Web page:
Boris Nemtsov: FT interview days before he was murdered
Edited highlights from discussion with politician
Kathrin Hille in Moscow March, 1, 2015
I met Boris Nemtsov in the early evening last Monday at Shamrock, an Irish pub downstairs from the Ekho Moskvy radio station, where he was due to go on air two hours later.
He was wolfing down a salad and drinking big glasses of multivitamin juice because he had flu. He was coughing all the time, but that did nothing to diminish his energy.
It turned out to be one of Mr Nemtsov’s last interviews before he was shot dead in Moscow on Friday evening.
What follows are edited highlights from our discussion.
On the state of present day Russia:
Compared with 2012, we live in a different country. A country of war, of humiliated, hypnotised people, who in 2011 were nostalgic about the empire and now think of themselves as great. Mass hysteria about annexation of Crimea, aggressive propaganda — that the west is the enemy, and Ukrainians fascists etc.
Putin uses this — he’s following the principles of Goebbels: propaganda must be primitive, the truth has no significance, the message has to be simple, and must be repeated many times. And must be extremely emotional.
Putin has brought Nazism into politics.
On the need for ‘healthy patience’:
Public opinion can’t continue to be like this forever. Like little children, they stop crying eventually. Putin lies. But he can’t hide things forever. There will be more and more graves. And people will feel it’s bad that he’s fighting with a brother nation. Hitler had a reason for not attacking Austria.
We need healthy patience. I believe we will have to struggle with Putin for a long time, it will be a long battle. We’re talking about 2024. Why am I an optimist? Because I believe that you can achieve nothing with cynicism. Putin uses cynicism.
He is a totally amoral human being. Totally amoral. He is a Leviathan.
Putin is very dangerous. He is more dangerous than the Soviets were. In the Soviet Union, there was at least a system, and decisions were taken in the politburo. Decisions about war, decisions to kill people, were not taken by Brezhnev alone, or by Andropov either, but that’s how it works now.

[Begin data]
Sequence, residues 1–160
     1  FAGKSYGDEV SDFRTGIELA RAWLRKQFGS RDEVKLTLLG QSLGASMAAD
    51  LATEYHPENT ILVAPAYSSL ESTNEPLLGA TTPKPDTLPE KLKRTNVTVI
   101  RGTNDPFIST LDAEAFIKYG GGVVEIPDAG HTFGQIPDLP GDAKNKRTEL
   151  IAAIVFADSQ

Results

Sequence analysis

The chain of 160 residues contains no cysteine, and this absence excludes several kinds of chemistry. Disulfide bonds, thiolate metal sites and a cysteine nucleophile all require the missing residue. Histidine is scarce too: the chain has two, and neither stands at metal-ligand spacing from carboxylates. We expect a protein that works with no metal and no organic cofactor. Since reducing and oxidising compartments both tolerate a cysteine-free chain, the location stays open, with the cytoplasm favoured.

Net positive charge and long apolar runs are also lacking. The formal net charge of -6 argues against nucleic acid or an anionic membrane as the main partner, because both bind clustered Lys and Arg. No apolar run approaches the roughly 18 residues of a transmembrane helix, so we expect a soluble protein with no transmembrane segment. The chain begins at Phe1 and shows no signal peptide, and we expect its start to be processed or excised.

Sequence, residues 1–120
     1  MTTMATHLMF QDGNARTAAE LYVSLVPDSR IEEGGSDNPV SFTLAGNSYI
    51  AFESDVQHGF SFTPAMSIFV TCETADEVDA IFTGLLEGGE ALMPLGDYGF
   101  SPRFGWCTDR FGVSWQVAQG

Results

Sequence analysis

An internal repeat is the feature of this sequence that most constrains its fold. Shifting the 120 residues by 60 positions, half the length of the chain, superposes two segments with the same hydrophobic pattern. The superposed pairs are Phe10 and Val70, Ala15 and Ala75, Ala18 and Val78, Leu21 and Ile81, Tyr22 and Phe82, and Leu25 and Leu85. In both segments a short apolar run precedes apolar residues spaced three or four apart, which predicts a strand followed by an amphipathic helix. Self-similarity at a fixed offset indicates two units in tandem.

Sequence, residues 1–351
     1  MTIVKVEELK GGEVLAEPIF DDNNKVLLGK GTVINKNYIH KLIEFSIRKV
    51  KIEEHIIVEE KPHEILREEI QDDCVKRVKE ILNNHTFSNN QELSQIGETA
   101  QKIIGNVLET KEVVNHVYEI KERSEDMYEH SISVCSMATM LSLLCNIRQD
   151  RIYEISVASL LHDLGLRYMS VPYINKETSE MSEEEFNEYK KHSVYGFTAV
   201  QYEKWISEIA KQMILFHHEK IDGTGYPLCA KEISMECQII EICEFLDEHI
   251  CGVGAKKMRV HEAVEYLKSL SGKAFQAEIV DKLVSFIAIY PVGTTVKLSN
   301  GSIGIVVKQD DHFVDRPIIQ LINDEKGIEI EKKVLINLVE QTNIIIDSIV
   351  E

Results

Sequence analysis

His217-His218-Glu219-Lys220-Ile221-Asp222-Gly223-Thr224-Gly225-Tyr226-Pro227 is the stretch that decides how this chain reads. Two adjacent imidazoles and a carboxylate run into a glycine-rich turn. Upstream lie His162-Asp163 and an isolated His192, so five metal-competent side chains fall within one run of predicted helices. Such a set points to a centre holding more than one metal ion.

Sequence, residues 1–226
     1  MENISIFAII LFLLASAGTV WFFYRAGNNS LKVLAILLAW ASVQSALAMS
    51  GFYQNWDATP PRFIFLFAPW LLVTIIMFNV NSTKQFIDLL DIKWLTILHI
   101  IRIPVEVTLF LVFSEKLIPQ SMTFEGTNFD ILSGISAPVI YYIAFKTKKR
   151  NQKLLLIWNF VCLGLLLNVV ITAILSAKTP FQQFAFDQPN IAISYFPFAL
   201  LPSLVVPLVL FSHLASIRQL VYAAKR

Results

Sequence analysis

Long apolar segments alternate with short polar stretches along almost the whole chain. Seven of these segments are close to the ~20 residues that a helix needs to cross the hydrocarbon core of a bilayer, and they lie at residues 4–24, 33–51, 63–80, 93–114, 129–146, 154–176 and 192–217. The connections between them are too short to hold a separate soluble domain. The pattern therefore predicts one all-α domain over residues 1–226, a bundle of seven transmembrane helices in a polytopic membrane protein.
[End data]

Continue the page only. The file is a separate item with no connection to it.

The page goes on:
On Putin’s inner circle:
The people around Putin are rich and weak. There has been a selection. There is not a single bold person left who can influence him. They’ve all left to somewhere. Including [former finance minister Alexei] Kudrin, the boldest of all. So they can’t influence him, they can only adapt.
We chatted about German chancellor Angela Merkel, whom Mr Nemtsov likes and knew from her days in eastern Germany. He recalled defending her to then prime minister Margaret Thatcher.
“She also hated Putin. I met her around her last birthday. And she still asked me: ‘Is he gone?’” And then Mr Nemtsov laughed so hard it triggered another cough attack.
On Putin’s future:
So I think the key thing will be that Putin’s rating will fall, gradually. That will take years.
Look at [Serbian president Slobodan] Milosevic and sanctions. Within one-and-a-half years or two, the people will start understanding that Putin is responsible. Therefore, my job as a politician and a blogger is simple: Show them that Putin means crisis, Putin means war . . .
The opposition will appear in the army, and in the special services. Why? Because they will start to realise that Putin betrayed the army. Look, the army is fighting in Ukraine, but he says it isn’t, they get killed, and he doesn’t help them. The people who know someone who has experience that will be more and more. And from that will rise a deep disgust, in the army and in the special services. He’s not a traitor of Novorossiya — forget about those, they are freaks — but of the real army. Pskov division, Ulyanovsk division, Bryansk division . . .
The second is business. Once Putin’s rating falls, they will start financing us. The high support rating — that is fear. And when it falls, the fear will recede.
On ‘the absolute low point’:
I don’t see a revolution scenario. Only countries which have energy have revolutions. We don’t have any energy. For that, you need youth, and Russia has very few young people.
Look where there have been revolutions in the past few years — all countries with lots of energy, and lots of young people. The only exception is Ukraine, and Ukraine was the only country where there hadn’t been ANY reforms for the last 20 years.
In 2011 there was an opposition. Now there is no longer an opposition, only dissidents. Now is the absolute low point.
On Russia’s state TV:
State TV as developed by Putin — that’s a diabolic machine. [All the disinformation programmes about Ukraine] This is recruiting for death. The people who produce this — they are criminals. The west needs to stop treating them like journalists. I’ve told those morons that they have to understand that these people are not journalists, they are propagandists. They work in the FSB, in the presidential administration, they are not journalists. Why are you not putting them under sanctions?
We ended our discussion on the subject of Russia’s war dead in Ukraine, and the risk they pose to Mr Putin’s grip on power:
They are burying them quietly, because he understands that. That’s why he hides this. I am working on this now.